MEADOW LAKE, SK, Oct. 31 /CNW/ - NorSask Forest Products Ltd. has
informed the United Steelworkers (USW) that termination notices have been sent
to 62 employees effective December 19, 2008. But USW Local 1-184 President
Paul Hallen says members are left wondering whether the 'terminations' are
temporary or permanent.
Notices sent to workers say "current economic conditions simply do not
allow us to continue operations at this time."
They also state: "Lumber prices will recover and at that time NorSask
will start up again and at that time we will contact you in the hope that you
can rejoin NorSask as an employee."
"This has of course brought very disappointing news to our members, to
Meadow Lake and to outlying communities," said Hallen, adding that the company
is sending mixed messages about the future of the sawmill.
"Our members in the mill have experienced periodic layoffs over the last
two years as well as permanent job losses and terminations," said Hallen.
"This is another blow to workers, many families and Saskatchewan's forest
The mill normally employs about 100 USW members plus salaried staff. In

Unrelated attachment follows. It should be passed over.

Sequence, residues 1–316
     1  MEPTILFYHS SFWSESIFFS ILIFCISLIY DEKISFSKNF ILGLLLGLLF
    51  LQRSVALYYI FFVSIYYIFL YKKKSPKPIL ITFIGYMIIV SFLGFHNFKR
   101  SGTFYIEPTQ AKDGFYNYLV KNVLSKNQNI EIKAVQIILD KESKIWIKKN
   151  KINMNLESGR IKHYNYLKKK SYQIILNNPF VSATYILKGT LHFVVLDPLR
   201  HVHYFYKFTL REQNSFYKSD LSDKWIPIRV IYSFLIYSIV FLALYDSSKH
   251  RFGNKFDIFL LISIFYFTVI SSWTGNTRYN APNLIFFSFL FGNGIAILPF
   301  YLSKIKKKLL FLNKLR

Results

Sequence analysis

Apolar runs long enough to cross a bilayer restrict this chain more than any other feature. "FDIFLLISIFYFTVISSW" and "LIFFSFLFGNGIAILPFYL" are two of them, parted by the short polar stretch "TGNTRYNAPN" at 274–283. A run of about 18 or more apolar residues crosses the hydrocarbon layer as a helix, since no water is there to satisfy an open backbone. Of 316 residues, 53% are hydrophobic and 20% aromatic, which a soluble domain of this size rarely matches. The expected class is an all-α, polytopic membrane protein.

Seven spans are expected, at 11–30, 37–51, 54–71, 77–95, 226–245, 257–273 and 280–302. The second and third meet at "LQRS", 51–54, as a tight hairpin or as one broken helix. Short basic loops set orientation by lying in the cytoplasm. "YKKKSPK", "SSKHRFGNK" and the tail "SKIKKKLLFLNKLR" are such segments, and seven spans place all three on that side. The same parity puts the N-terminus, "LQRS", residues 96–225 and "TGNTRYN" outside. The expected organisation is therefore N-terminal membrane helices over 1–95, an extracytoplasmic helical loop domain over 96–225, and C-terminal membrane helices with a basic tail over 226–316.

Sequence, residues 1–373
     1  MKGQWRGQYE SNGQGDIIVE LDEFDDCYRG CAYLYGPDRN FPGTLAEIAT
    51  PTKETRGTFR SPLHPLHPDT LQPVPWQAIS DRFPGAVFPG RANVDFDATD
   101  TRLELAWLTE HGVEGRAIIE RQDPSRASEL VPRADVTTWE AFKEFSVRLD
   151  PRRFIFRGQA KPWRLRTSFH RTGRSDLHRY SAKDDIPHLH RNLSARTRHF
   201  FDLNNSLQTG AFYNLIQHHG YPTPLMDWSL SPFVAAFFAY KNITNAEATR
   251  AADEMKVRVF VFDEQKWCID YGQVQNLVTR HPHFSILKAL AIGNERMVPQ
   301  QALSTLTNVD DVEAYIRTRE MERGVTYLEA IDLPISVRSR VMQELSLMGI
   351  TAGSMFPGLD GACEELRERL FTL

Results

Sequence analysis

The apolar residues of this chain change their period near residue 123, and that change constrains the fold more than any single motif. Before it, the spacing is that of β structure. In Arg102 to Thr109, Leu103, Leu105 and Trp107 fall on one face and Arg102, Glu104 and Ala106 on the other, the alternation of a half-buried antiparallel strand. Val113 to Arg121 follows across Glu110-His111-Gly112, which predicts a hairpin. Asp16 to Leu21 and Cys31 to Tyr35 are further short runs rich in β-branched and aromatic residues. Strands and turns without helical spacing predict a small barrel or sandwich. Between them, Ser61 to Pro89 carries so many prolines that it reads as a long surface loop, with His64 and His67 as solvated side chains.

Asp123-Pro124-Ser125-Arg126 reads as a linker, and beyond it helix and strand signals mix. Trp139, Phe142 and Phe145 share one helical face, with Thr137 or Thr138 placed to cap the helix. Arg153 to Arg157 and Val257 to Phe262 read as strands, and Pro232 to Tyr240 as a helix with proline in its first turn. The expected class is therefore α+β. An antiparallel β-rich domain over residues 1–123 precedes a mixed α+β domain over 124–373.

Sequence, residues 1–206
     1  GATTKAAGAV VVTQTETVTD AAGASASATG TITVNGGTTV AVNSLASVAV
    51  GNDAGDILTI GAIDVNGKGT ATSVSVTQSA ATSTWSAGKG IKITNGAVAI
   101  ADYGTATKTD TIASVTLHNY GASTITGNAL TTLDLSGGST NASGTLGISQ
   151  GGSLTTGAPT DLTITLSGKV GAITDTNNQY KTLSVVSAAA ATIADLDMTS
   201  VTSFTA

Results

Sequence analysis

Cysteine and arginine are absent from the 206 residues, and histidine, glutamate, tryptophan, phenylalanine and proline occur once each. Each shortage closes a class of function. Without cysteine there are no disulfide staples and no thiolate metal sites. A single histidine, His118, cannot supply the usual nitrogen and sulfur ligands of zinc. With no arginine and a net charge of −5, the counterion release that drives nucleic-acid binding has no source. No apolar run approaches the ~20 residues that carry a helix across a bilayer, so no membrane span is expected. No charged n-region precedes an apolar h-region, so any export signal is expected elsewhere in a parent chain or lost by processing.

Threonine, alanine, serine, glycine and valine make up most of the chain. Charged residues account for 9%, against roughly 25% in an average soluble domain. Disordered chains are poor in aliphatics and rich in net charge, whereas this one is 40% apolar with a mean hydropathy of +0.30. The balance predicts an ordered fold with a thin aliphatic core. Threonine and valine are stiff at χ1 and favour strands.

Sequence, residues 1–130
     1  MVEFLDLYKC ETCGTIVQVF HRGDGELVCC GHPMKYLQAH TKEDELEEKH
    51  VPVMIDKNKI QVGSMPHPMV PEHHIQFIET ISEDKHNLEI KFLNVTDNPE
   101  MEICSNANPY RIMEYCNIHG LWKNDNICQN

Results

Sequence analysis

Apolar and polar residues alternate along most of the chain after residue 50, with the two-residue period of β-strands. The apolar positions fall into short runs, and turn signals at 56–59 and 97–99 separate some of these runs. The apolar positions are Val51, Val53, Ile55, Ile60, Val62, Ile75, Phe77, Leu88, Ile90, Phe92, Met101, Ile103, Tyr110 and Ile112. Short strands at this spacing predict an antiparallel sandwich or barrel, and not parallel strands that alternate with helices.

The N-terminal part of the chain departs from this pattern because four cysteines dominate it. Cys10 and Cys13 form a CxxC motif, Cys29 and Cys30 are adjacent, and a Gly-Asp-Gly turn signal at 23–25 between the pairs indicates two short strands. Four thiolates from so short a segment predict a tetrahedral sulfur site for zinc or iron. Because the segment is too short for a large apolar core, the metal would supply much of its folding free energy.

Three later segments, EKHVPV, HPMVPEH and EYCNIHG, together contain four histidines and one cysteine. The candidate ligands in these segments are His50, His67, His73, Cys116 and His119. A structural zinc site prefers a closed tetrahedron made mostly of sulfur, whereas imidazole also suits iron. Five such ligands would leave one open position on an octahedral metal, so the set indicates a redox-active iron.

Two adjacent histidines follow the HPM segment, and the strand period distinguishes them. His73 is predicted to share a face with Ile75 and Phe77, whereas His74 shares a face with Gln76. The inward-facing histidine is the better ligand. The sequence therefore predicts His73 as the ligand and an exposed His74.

March the mill reduced its operating capacity to one shift in the sawmill and
planer, working four days per week.
Hallen said NorSask workers have gone without wage increases for the last
couple of years in hopes of assisting the company keep the mill in operation,
while looking forward to better days in the industry.
"The company has also been creative in an attempt to have at least some
degree of operating capacity," he said, adding that the mill closing is yet
another blow to the forest industry in Saskatchewan and across the country.
Hallen said the notices are a further indication of the seriousness of
the forest industry crisis in Saskatchewan and across Canada, damaged further
by the 2006 Harper-Bush softwood lumber agreement and the US housing market
"Neither the provincial nor federal governments have shown any interest
in finding meaningful solutions to the on-going disintegration of one of our
province's most vital industries," he said. "Governments have tossed up their
hands and turned their backs. Workers, communities and many Canadian forest
companies continue to pay the price."
Canada's most diverse union, the USW represents more than 280,000 men and
women working in every sector of the economy.
For further information:
For further information: Paul Hallen, Tel. (306) 764-4202, (306)